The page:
The voice of doom

Some years ago I reviewed some short stories allegedly by M.E. Pargeter, actually by my author friend, Adrian Wright. Adrian had more recently sent me some further stories in the Boy Detectives series, which I thoroughly enjoyed; and now a complete set has been published as The Voice of Doom, which contains 7 stories including the original two - A problem at St. Mildred's (which I think may have been slightly revised) and The embers of truth.

Much to my delight, and complete surprise, Adrian dedicated the volume to me. This was an absolute delight, as though I have been honoured to have a non-fiction book dedicated to me before, my love throughout my life has been fiction, so it was a rare joy to have a work of fiction dedicated to me. So, you'll excuse me if I'm slightly biased, but....

I loved reading these stories in their earlier draft, and indeed there are a couple of stories in the current collection that I would be reading for the first time. I was looking forward to reading them again, but did wonder if they would be as good as I remembered. The tales of the Boy Detectives were unabashedly light-hearted, great fun, and a real tonic. Would I enjoy them as much the second time around? Or would they perhaps seem superficial?

Sometimes it's funny re-reading especially as it turns out (never having had this experience before) you're re-reading them surrounded by other stories, that perhaps were in a different order before, or just didn't exist previously. The book is structured really well so the reader moves effortlessly from the light frothy comedy of A problem at St. Mildred's (think Happiest Days of Your Life crossed with Bulldog Drummond) to comical literary conundrums such as the delightful Embers of Truth and The Bensonian Differentiator, to the poignant tale Best Boys which looks at the downside of film stardom.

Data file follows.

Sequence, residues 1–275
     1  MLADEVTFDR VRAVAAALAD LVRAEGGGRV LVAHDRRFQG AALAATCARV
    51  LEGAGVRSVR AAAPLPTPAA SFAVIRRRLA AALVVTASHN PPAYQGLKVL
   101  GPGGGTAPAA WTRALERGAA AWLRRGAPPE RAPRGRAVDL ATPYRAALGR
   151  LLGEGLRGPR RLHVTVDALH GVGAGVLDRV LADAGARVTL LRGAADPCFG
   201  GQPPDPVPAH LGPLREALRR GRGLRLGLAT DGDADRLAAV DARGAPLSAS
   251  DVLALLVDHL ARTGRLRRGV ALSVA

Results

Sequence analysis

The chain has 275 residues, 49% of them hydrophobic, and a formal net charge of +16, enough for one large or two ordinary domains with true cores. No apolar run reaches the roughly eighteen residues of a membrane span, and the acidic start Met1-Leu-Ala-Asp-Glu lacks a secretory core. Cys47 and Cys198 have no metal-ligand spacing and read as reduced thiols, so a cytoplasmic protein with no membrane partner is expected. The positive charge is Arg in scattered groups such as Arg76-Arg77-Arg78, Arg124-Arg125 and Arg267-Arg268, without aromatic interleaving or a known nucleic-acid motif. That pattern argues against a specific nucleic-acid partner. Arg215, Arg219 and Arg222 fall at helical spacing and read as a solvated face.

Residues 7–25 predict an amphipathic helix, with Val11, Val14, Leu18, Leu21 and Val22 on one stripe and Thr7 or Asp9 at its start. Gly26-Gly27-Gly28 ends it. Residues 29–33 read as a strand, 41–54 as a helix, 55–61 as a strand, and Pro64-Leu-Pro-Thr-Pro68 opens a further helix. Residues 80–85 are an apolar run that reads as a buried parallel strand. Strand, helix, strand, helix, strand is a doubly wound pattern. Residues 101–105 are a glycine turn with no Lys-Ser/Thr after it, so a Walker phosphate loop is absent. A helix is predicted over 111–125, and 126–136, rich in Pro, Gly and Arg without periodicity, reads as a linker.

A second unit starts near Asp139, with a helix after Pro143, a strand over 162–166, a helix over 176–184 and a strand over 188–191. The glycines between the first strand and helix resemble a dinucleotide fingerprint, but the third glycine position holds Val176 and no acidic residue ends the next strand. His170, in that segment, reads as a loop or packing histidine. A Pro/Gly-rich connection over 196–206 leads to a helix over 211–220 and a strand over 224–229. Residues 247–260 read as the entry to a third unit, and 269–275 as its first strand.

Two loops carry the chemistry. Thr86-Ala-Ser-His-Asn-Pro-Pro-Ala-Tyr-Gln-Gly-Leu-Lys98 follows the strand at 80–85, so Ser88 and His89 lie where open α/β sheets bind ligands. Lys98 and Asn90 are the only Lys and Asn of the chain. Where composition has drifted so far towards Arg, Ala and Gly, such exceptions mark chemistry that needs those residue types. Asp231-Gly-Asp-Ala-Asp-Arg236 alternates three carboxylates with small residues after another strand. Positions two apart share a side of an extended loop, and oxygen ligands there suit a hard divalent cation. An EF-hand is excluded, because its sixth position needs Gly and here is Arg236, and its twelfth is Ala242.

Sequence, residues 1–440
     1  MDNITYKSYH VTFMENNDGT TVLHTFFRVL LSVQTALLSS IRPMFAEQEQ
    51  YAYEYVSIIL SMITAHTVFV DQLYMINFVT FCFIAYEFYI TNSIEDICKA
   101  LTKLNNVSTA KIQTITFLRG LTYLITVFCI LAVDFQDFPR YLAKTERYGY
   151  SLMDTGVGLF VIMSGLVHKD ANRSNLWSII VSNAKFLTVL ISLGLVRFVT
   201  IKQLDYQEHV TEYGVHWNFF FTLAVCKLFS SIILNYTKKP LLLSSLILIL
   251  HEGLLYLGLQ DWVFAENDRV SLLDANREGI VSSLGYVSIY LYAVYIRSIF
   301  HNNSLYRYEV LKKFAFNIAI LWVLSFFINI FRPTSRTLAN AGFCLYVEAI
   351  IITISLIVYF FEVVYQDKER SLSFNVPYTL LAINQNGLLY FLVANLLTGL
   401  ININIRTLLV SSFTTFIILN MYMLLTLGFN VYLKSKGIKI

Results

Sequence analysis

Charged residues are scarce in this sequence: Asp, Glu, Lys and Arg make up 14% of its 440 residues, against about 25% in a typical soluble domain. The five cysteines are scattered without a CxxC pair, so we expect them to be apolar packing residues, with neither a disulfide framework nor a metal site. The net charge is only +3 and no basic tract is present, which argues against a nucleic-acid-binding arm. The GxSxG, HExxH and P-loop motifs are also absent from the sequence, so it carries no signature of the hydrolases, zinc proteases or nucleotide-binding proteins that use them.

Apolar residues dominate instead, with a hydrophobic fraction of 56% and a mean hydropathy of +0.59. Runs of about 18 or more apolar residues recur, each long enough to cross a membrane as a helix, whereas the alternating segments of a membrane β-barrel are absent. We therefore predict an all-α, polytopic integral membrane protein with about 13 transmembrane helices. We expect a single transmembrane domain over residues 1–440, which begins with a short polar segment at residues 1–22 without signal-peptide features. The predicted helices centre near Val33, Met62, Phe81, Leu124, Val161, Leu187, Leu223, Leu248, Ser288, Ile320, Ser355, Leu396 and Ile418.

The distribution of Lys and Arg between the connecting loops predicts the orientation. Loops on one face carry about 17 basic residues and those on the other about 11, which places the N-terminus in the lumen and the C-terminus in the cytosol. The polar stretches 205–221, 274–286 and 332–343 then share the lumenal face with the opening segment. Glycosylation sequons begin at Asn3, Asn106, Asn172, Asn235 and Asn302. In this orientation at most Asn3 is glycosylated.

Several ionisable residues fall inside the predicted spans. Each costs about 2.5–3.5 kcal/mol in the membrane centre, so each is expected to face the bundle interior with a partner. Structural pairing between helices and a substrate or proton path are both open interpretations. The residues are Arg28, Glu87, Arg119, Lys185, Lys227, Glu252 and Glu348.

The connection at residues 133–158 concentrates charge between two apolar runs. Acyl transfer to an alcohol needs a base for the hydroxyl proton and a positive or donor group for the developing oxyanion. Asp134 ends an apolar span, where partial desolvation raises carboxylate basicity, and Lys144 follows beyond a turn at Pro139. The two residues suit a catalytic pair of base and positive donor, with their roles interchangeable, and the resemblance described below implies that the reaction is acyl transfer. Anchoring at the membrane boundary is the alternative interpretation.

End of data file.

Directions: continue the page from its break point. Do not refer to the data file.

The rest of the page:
Best Boys and The Pearl of Thalia (which I suspect owes a plot twist to one of my favourite Dorothy L. Sayers' novels) were two firm favourites with me, with Best Boys proving to be unexpectedly moving.

Throughout the anthology it's clear who are Adrian's literary inspirations. The foreword sets the scene with a fascinating snapshot of Anthony C. Wilson, the creator of Norman and Henry Bones, who were the boy detectives of the BBC's Children's Hour. Adrian's Francis and Gordon Jones are inheritors of the Bones boys' detective genes. There are affectionate nods to Sayers, E.F. Benson (though not altogether a positive one for Mr. Benson) and Conan Doyle. For any lover of literature the stories are a delight.

The final story owes a lot to Adrian's background as a biographer, which is how I met him in the first place, when he was working on the biography of a composer, whose archive I was looking after. As well as writing the biography of the composer, William Alwyn, Adrian also wrote an acclaimed biography of the novelist, L.P. Hartley. And the last story uses narrative elements from L.P. Hartley with odd details from the lives of other biographical subjects all transposed into an atmospheric tale of deception, ambition and rat poison. A classic example of a writer taking elements of the truth and spinning them into something completely unique and different.

The change in the character of the tales worked well too with the stories becoming more serious and grown up as the Boy Detectives themselves developed. I didn't perhaps laugh out loud quite as often as I did the first time round, though there were still many moments when I did guffaw; but I actually think I enjoyed the stories more. I loved the comedy moments set against the deeper elements, I loved the atmosphere of 1950's England - lashings of ginger beer, sunny days, and a post-war optimism, I loved Francis with his aspirations to be Sherlock Holmes, and his Watson - Gordon, who I suspect was actually the brighter boy, Mrs. Jones - corsetiere extraordinaire, and naughty vicar and sometime spy, Reverend Challis, with his liking for shows a la Windmill Theatre.

Second time round I wasn't disappointed at all. These are gloriously sunny tales. And, as is often the case with comic writing, the serious moments grab the reader all the more for the comedy that surrounds them. I loved these. Listen out for The Voice of Doom.


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